AI: I looked at local galleries and I looked at the Tappan Collective. The first one we worked with was a man named B.D. Graft. He's an artist in Europe. We worked with Marleigh Culver. She was based out of New York, now she's in L.A. We’ve worked with a number of really incredible artists.

MJ: That’s so cool. Has the aesthetic changed over time? Or is it the same as when you launched Brightland?

AI: We've definitely evolved. I've always wanted to make sure that we layered fun into the brand, too. So we've thought about different ways we can do that. But we’ve kept the original principles around color and vibrancy and brightness—it is Brightland, after all.

MJ: It is! And how did you come up with that name?

AI: On a trip to Tokyo, I was walking through these cool denim stores and Shazam-ed a few songs, and one of the songs was called The Olive Tree. And when I looked at the lyrics, it said, ‘I'm searching for the olive trees and to the bright land I go.’ I thought it was just so beautiful. 

MJ: Oh that’s such a good story. Do you still listen to that song? Or that artist?

AI: Sometimes I listen to that song. It was an Aussie folk band called The Seekers.

MJ: We’ll have to check them out! How did you decide to expand into vinegars and honeys?

AI: It was based on customer requests. It was based on things that we were really excited about, products that we had tasted ourselves. We met some really amazing vinegar farmer-fermenters, a husband-and-wife team who are making incredible vinegar here in California. So we said, ‘Oh, we have to partner with them.’ And we came out with a really lush blackberry balsamic vinegar and a citrus champagne vinegar. It was similar for honeys. We absolutely will continue to come out with new products, but do it really thoughtfully and carefully. 

MJ: That’s exciting. Are the honeys also from California?

AI: One's from California. One's from Hawaii.

MJ: What are your favorite things to make with Brightland products?

AI: I love taking chocolate ice cream and pouring the chili-infused olive oil on it and chopping up some figs and eating that. It’s crazy. It’s so good.

MJ: Wow, that sounds insane.

AI:  I love taking our garlic-infused olive oil and roasting potatoes and adding some parsley and some sour cream or labneh and just eating that. I love making a quick arugula salad with some pistachios, peaches, the citrus champagne vinegar, the regular olive oil, and some Parmesan.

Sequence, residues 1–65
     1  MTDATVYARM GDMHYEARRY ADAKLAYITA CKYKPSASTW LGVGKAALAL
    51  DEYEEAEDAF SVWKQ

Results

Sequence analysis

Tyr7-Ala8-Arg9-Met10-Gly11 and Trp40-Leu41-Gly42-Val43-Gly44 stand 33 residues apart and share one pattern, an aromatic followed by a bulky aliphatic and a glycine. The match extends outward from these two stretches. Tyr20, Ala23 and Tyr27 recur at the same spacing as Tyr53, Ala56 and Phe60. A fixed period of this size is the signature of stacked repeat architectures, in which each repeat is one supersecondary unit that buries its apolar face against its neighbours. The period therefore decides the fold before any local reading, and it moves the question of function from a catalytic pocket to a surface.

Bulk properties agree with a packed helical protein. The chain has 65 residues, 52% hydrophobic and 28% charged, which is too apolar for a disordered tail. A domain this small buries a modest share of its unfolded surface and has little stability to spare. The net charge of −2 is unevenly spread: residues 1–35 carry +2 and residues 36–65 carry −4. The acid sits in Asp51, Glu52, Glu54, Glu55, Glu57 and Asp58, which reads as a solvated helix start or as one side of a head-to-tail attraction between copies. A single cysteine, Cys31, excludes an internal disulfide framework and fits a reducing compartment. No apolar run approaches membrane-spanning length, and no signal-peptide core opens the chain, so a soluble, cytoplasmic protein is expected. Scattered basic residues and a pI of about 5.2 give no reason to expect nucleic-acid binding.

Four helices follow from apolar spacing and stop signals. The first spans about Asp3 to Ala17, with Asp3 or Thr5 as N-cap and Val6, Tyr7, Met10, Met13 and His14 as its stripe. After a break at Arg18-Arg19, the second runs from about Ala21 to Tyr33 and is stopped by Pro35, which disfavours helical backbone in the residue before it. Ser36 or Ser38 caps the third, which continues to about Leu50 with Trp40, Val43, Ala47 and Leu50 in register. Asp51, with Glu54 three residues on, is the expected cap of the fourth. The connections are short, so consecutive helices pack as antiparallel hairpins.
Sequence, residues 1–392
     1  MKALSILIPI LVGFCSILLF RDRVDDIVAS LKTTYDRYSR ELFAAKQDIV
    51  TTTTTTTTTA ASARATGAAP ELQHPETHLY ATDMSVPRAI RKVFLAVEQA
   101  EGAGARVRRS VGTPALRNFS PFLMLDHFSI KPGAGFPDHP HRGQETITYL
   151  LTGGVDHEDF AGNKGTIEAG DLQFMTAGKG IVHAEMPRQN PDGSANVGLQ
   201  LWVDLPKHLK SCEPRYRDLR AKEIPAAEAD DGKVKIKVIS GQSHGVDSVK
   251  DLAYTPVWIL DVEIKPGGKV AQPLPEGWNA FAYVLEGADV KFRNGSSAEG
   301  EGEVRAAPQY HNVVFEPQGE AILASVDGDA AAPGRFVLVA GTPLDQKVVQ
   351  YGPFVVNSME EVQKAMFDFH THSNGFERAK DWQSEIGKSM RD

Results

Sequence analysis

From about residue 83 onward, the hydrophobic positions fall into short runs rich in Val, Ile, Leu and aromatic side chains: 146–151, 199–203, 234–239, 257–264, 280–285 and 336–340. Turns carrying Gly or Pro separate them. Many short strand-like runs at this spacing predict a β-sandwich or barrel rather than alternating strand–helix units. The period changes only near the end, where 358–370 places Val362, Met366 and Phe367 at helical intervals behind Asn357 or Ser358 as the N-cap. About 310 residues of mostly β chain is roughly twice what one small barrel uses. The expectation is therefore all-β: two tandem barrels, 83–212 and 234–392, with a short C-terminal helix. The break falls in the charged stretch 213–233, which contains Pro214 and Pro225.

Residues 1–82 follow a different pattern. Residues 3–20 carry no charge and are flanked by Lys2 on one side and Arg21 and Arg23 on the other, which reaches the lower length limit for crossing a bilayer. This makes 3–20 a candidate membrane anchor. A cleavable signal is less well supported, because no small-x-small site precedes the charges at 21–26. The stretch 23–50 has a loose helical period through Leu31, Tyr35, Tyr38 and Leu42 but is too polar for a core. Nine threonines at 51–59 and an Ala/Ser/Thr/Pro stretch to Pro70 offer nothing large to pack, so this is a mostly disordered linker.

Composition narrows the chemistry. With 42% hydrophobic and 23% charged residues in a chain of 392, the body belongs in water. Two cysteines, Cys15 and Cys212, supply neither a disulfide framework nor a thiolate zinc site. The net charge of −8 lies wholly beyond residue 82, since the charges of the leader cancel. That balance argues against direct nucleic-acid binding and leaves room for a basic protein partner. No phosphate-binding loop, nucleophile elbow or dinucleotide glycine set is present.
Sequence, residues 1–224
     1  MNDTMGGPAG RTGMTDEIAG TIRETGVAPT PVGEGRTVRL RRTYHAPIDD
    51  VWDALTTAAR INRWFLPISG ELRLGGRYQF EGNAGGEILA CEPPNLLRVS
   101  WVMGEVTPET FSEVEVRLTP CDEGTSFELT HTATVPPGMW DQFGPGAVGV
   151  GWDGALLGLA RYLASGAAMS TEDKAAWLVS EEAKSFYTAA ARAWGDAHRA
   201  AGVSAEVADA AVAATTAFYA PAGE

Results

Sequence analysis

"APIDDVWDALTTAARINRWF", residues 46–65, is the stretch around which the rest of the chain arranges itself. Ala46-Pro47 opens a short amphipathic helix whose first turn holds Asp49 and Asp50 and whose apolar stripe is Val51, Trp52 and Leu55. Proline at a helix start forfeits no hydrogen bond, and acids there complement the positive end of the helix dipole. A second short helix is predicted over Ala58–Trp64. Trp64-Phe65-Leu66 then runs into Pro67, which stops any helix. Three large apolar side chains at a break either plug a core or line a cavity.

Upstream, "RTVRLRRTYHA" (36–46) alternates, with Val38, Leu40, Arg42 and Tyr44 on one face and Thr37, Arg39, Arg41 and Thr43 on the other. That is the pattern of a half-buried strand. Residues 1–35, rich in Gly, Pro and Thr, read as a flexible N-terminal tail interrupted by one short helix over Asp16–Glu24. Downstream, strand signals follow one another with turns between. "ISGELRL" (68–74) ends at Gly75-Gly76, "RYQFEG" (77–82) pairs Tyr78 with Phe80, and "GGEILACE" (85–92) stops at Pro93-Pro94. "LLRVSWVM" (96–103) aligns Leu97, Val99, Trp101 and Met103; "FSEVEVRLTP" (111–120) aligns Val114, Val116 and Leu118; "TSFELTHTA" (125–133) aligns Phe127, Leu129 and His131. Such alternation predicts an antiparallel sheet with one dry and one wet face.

MJ: That sounds fantastic, too. So you can cook with Brightland olive oils?

AI: Yes. Brightland olive oils have a really high smoke point because of the high quality and freshness. At the time of harvest, the oils usually have a smoke point of 410, so you absolutely can roast with them. They can even fry an egg.

MJ: Do the olive oils taste different with heat?

AI: They can taste more interesting and more nutty. I personally think our Awake olive oil is really great for roasting veggies and roasting chicken and all of that. I actually love using it for baking, too. I made some olive oil brownies last week that were so good.

MJ: You’re part of this generation of millennial founders. Can you tell us about some of the collaborations you’ve done with like-minded brands?

AI: Oh, that's a good question. We partnered with Food52 to do a special product with them one holiday season. We did a special Sweetgreen Brightland olive oil. We did a nonprofit partnership with the Slow Factory Foundation. They're a really incredible philanthropic organization. And then we most recently did another impact partnership with the White Buffalo Land Trust based out of Santa Barbara. And we came out with a special persimmon in vinegar with them. We did a spice blend with Burlap & Barrel, and then we also worked with a cool strawberry company called Oishi to do a strawberry vinegar with them using their delicious omakase berries. We did limited edition dish towels with Atelier Saucier.

MJ: That's awesome. How did all these different collaborations come about? What do you like about collaborating with other brands? 

AI: I like working with people who are passionate about what they do, so it's such a joy to collaborate. Some of them were inbound, some of them we reached out, some of the folks we didn't know, but we got to know. It's been really nice. 

MJ: Definitely. Now, can we talk about The Spout?

AI: Yes. One of the biggest pieces of feedback we heard was, ‘Hey, we love using the bottles to drizzle, but it always drips over the side.’ And so we introduced a brushed gold spout, super simple. People just love it. It just pairs so nicely, like the brushed gold and the white. It regulates the pours and it's definitely a hit. 

MJ: It’s the perfect addition. What would you want a new customer to know about Brightland?

AI: For someone who's never heard of us before, as a brand I’d say we're thoughtful, intentional, inspired, happy, and optimistic. From a product standpoint, we'll knock your socks off and look great on your kitchen countertop. Brightland also makes an amazing gift. You want to be the most thoughtful gift giver this holiday season? Shop Brightland.

MJ: One hundred percent. Food gifts are the best gifts.